We recently outlined some of the challenges (courtesy of a fabulous guest contribution by AIAG Executive Director, J. Scot Sharland, to Wards Automotive) of sub-tier supply risk in the automotive supply chain. Yet the challenges and solutions outlined by Sharland are not just applicable to the automotive sector. They are relevant across just about all industries, and especially relevant for A&D and other diversified manufacturers (since the lower tier supply chain is often shared across industries).
Before talking solutions, it’s important to note how acute the current situation is. Sharland writes that there are currently “volume constraints for specific parts and components, and we are beginning to see industry segments facing parts shortages, both for new vehicles and for replacement parts for older models.” Furthermore, as he observes, automotive sector quality practices (e.g., first article testing, PPAP, etc.) are stringent, making it costly in terms of both time and capital to qualify new and alternative supplier parts/components for a given production line.
Some of the recommendations Sharland makes in his article (which we recommend you read in its entirety) include exploring training and education across the entire supply chain, such as private/public sector partnerships aimed at expanding manufacturing skills and capacity. Given that the greatest new capacity is likely to come from southeastern states within the US and Mexico, Sharland writes that “local groups such as automotive manufacturing associations in Alabama, Georgia, Mississippi, and Tennessee, in addition to Mexico’s Industria Nacional de Autopartes (INA), will be critical to our success.”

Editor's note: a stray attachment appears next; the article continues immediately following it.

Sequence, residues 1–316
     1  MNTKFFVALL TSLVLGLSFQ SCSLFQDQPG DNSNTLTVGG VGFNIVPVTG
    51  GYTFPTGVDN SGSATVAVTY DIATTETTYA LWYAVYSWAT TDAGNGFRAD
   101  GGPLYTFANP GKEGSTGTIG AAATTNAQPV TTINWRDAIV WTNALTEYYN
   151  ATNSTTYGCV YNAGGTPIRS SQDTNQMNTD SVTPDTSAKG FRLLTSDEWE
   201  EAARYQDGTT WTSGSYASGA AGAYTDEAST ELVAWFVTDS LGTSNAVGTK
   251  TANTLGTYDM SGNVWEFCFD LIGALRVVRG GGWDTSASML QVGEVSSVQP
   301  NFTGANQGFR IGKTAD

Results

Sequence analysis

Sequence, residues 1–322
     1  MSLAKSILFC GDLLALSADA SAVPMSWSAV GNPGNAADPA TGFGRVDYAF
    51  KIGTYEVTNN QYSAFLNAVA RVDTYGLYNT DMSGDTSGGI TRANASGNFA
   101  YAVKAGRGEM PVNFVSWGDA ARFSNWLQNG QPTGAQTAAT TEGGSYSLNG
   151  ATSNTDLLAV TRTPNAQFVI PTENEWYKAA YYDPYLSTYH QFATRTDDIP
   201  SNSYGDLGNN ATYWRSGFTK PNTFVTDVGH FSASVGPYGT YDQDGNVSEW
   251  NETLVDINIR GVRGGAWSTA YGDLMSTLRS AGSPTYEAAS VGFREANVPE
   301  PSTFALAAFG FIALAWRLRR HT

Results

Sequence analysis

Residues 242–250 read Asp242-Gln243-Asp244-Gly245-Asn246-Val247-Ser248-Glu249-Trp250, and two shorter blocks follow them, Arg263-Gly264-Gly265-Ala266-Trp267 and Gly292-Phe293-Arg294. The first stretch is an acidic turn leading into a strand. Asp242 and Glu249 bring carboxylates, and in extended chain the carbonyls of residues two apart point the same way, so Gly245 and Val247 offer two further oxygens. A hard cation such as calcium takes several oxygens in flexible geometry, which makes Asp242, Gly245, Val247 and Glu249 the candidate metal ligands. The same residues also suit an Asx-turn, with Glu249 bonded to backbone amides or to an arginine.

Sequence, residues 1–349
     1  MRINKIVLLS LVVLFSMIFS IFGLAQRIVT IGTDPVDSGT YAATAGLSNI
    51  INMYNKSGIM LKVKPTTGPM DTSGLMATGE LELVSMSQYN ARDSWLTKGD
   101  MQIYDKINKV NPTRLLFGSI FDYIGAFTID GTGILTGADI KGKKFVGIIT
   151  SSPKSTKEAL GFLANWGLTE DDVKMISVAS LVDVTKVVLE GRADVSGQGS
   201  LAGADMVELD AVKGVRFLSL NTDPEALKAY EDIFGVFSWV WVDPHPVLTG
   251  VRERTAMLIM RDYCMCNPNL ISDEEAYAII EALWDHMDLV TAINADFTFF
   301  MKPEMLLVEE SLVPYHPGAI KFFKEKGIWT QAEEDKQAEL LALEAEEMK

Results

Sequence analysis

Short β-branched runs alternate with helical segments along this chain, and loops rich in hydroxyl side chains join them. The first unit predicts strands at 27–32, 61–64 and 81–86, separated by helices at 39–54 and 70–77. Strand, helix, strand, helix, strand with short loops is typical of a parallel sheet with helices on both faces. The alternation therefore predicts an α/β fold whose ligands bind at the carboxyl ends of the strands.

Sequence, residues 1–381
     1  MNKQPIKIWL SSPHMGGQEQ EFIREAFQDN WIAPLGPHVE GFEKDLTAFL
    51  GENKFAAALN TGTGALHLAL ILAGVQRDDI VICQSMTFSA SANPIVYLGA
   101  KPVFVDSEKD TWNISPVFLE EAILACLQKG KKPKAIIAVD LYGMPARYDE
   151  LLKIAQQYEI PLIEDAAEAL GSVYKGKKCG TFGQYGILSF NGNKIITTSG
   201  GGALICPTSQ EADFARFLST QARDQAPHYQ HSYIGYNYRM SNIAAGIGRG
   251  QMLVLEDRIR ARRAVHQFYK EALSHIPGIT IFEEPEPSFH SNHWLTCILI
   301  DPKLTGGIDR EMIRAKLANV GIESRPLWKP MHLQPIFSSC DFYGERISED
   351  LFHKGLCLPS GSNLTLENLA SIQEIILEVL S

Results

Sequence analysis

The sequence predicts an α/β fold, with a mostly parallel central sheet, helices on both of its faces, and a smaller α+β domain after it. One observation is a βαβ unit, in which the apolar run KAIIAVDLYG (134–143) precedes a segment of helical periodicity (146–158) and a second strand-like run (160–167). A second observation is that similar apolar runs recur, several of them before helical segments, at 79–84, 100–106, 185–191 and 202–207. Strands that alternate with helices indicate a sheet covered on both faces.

We often jump to managing supply risk as a “data” and “analytical” challenge. The thinking goes, if we can predict whether a supplier will be in business based on looking at credit scores, balance sheets, and other factors, we can be successful in managing risk. But as Sharland emphasizes, what really matters is looking at the bigger picture of the broader supply chain and expanding the definition of supply risk to one of capacity, education, and skills development – at all tiers. And from these efforts come not only visibility and transparency, but also an insurance policy focused on creating the right environment for lower-tier suppliers to grow and thrive.
For further reading on risk management, download these free research papers: